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Aldridge, Ira (1807-1867)

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Ira Frederick Aldridge was the first African American actor to achieve success on the international stage, performing before Kings and Queens all over Europe, becoming known as the preeminent Shakespearean actor and tragedian of the 19th Century. He was born in Maryland. His father, a lay preacher, sent him to the African Free School in New York. Young Ira was attracted to the African Grove Theatre, the first ever black theatre founded by William Henry Brown in 1821. He apprenticed under James Hewlett, the first African American Shakespearean actor. Realizing he could not achieve success in the United States, young Ira Aldridge worked his passage to Liverpool, England as a ship’s steward.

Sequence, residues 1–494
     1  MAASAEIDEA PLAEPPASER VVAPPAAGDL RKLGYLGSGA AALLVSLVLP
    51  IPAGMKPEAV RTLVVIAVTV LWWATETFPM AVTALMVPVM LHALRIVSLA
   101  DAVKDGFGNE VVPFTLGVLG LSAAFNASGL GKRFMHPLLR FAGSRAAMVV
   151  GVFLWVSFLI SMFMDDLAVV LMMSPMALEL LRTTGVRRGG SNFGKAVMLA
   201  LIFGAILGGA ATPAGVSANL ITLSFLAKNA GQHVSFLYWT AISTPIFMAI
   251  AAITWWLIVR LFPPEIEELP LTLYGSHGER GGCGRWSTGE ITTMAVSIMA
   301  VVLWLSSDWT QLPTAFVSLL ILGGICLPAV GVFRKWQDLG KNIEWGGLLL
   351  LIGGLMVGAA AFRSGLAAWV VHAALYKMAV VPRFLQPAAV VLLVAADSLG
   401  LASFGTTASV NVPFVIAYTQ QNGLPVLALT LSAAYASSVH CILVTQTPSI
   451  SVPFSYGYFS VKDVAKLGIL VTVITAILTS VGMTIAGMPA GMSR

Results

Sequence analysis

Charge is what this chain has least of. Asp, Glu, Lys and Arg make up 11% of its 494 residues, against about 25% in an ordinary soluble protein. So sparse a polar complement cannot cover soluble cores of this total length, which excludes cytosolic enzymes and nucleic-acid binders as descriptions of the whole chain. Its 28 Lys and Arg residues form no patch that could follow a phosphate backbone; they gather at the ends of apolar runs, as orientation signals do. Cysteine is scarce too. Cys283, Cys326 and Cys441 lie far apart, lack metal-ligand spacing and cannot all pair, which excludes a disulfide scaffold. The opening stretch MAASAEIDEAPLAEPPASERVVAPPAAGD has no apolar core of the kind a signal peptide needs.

From the mid 1820s to 1860 Ira Aldridge slowly forged a remarkable career. He performed in London, Liverpool, Edinburgh, Bath, and Bristol in King Lear, Othello, MacBeth, and The Merchant of Venice. He also freely adapted classical plays, changing characters, eliminating scenes and installing new ones, even from other plays. In 1852 he embarked on a series of continental tours that intermittently would last until the end of his life. He performed his full repertoire in Prussia, Germany, Austria, Switzerland, Hungary and Poland. Some of the honors he received include the Prussian Gold Medal for Arts and Sciences from King Frederick, the Golden Cross of Leopold from the Czar of Russia, and the Maltese Cross from Berne, Switzerland. Mr. Aldridge died while on tour in Lodz, Poland.

Sources:
Anthony D. Hill, An Historical Dictionary of African American Theater (Prevessin, France: Scarecrow Press, 2007).

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